RE: A.lewallei


Dear MJ,

I am surprised to read about the rhizomatous first "tuber" of lewallei
seedlings. My own seedlings always produced a tuber. What do you do to
the seedlings? Could it be that you broke off the offsets and missed the
small main tubers? I know that even the tiniest tubers of lewallei
produce the typical rhizomatous offsets. It is only logical that they
won't grow right away just after the onset of dormancy. The tips of
these offsets often seem to be in development when dug up, so that
figures. But that is not to say they will develop leaves. They are just
"grown" by the main tuber that feeds them and keeps them elongating. All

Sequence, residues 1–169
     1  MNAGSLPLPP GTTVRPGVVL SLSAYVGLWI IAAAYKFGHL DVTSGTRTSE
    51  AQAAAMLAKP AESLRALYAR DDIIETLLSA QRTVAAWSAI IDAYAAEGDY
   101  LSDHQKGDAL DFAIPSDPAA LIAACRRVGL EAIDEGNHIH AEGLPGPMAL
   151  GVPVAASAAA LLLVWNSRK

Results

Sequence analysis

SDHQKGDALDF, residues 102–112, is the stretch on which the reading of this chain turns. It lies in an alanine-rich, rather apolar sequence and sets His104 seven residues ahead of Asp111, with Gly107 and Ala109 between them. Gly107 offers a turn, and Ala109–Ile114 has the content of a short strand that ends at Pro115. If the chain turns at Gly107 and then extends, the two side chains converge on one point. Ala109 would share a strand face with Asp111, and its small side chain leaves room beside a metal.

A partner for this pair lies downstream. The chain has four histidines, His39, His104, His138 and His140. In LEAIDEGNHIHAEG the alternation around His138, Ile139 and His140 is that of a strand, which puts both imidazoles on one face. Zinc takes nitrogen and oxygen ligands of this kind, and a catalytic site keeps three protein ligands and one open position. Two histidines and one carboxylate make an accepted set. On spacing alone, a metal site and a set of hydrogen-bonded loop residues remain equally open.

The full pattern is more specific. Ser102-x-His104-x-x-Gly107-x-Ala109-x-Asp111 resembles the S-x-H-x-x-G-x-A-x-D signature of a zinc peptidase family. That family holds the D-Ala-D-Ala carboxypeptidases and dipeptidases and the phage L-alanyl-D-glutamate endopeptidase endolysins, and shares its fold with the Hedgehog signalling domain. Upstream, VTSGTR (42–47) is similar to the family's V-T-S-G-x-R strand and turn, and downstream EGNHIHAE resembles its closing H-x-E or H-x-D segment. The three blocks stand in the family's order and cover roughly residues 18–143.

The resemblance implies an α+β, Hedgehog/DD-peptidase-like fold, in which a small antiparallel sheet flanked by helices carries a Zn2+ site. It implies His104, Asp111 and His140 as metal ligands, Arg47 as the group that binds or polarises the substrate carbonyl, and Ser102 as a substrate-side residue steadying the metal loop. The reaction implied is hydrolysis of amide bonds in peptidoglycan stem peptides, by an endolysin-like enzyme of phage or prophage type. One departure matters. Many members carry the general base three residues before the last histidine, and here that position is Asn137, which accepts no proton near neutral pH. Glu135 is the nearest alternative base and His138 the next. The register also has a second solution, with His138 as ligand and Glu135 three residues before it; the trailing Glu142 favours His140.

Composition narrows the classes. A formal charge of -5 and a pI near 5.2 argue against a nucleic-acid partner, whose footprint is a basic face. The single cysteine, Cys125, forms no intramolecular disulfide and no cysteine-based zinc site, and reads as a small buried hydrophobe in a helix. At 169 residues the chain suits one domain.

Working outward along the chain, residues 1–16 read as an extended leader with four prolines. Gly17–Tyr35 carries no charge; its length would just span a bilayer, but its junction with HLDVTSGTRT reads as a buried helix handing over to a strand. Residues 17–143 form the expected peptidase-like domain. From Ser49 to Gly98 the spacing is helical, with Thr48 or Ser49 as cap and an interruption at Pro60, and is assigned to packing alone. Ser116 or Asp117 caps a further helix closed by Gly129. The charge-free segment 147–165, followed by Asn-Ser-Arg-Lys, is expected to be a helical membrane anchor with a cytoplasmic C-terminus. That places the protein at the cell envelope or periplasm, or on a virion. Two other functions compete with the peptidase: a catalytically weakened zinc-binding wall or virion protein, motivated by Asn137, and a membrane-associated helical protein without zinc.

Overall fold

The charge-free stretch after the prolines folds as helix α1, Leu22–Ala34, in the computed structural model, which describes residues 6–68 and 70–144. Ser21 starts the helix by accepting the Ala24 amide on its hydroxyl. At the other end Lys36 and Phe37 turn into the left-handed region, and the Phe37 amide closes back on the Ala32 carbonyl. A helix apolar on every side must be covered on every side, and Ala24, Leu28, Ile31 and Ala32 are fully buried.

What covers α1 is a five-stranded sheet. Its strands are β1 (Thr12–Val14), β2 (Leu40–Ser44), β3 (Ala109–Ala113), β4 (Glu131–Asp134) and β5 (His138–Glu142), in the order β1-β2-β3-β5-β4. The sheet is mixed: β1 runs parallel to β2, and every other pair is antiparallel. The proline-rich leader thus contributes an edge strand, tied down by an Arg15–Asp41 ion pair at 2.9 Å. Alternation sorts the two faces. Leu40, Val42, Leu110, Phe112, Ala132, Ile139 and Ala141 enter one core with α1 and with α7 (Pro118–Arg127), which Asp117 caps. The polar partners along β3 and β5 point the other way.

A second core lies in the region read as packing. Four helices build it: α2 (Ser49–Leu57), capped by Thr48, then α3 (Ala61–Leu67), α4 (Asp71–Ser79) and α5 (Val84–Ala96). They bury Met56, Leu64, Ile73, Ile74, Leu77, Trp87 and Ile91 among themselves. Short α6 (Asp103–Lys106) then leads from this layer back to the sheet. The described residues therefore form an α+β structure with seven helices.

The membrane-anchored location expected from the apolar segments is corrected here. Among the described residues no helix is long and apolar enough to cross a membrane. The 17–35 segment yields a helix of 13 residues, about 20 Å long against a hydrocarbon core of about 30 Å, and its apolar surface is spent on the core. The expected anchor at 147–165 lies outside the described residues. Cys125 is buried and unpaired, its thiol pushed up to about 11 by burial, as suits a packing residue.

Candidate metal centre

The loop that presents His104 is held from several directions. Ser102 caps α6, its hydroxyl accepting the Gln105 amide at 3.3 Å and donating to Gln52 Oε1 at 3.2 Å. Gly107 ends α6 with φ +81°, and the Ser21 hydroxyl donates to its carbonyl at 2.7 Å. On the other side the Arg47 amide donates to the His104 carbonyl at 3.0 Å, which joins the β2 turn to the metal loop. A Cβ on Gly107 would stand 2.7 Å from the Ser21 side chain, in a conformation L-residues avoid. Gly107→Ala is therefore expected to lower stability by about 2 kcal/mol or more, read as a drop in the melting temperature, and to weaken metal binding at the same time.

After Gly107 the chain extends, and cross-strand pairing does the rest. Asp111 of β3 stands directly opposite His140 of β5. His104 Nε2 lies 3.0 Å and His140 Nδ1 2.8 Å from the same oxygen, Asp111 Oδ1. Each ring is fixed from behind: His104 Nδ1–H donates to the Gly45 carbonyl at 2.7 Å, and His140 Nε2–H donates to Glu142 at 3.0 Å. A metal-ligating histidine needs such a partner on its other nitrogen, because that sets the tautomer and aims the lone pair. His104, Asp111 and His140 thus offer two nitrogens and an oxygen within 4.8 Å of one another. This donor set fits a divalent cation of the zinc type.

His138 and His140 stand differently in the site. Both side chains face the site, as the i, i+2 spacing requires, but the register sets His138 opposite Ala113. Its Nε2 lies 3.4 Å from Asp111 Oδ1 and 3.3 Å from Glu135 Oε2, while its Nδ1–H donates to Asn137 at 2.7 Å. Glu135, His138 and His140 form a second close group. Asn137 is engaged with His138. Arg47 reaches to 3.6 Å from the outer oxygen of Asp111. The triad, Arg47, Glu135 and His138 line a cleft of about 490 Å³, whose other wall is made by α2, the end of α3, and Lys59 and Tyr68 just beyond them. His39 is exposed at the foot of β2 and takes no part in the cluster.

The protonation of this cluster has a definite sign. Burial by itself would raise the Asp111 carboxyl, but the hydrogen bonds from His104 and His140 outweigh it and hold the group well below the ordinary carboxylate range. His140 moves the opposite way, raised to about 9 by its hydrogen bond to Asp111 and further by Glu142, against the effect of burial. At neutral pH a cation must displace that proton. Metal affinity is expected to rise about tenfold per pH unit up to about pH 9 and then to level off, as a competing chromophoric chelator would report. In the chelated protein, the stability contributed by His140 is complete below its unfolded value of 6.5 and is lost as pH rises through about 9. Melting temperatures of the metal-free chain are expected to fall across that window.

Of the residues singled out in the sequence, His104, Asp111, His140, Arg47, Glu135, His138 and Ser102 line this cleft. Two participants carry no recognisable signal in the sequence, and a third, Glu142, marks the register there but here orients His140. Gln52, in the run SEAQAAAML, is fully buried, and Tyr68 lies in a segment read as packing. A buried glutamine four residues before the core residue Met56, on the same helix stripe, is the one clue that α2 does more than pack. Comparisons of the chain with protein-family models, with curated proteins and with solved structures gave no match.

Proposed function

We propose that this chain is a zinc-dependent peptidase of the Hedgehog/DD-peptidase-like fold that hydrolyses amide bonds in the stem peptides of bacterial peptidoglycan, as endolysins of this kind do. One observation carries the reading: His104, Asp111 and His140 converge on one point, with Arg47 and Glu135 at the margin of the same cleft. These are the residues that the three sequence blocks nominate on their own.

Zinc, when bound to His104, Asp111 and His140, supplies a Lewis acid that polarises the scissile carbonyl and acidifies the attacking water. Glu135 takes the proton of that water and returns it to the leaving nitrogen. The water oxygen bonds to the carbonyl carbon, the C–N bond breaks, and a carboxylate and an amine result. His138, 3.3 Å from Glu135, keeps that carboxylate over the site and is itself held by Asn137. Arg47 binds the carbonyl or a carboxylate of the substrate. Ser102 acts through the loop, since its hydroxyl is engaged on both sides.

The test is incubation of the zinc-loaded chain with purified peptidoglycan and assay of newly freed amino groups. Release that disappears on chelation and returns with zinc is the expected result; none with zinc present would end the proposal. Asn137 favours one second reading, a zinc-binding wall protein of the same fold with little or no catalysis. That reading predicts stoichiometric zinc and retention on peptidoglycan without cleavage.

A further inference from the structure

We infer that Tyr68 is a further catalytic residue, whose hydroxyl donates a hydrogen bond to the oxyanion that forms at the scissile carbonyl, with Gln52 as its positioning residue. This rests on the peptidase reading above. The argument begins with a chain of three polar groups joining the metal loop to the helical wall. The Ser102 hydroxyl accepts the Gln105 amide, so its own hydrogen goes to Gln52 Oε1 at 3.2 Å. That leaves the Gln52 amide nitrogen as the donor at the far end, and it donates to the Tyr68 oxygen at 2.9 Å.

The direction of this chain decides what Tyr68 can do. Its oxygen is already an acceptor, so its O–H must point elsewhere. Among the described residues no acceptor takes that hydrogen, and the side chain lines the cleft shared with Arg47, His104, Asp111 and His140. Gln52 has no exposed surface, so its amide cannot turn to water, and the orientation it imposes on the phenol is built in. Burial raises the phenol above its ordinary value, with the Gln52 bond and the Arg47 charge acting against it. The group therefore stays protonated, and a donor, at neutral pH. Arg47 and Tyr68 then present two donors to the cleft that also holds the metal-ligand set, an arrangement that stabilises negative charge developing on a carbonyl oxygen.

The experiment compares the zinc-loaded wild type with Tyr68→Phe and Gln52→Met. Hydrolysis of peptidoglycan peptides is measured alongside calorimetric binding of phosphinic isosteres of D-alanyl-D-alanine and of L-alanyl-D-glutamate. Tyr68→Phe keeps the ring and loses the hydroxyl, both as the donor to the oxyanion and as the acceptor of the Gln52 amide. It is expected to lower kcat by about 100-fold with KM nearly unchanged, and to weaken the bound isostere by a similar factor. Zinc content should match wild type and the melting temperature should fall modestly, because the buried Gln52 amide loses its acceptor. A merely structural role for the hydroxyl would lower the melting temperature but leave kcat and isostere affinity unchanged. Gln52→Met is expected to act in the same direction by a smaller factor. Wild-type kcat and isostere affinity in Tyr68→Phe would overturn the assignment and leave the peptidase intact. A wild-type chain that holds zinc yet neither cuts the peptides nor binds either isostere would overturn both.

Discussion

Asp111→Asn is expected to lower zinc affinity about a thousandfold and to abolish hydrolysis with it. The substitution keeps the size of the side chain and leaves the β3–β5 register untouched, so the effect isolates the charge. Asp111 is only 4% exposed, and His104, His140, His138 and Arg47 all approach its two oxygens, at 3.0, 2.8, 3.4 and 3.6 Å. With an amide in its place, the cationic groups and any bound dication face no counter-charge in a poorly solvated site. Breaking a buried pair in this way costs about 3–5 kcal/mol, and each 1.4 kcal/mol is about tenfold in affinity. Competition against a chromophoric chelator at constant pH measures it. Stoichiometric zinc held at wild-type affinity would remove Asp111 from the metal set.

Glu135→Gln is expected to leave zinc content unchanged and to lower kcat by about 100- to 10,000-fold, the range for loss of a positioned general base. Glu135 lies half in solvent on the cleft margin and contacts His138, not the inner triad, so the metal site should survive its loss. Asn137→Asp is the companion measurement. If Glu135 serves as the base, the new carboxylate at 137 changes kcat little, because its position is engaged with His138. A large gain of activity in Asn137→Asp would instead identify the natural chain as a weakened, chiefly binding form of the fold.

this makes me fear you have missed the main tubers, or they have rotted
away before digging up. 

Rhizomatous offsets generally are prone to desiccation when still small,
thin etc. Better keep 'em in soil. 

Cheers,
Wilbert

> ----------
> From: 	MJ Hatfield[SMTP:oneota@ames.net]
> Reply To: 	aroid-l@mobot.org
> Sent: 	zaterdag 24 januari 1998 5:54
> To: 	hetter@vkc.nl
> Subject: 	A.lewallei
> 
> I've been growing Amorphophallus lewallei from seed. They seem to take
> a
> long time to go into their first dormancy (or is it their second?).
> When
> the petioles died back, I dug the small tubers only to find
> longitudinal
> "shoots". These "shoots" appear to be actively growing. Not knowing
> what
> to do, I replanted some. I just checked and they are fine, although no
> change. The others I stored dry in brown paper bags. Upon checking
> they
> have turned green and don't look as healthy as they did when I first
> dug
> them.  
> 
> Any comments, general or specific, or suggestions?
> 
> Thank you.
> 
> MJ Hatfield
> 



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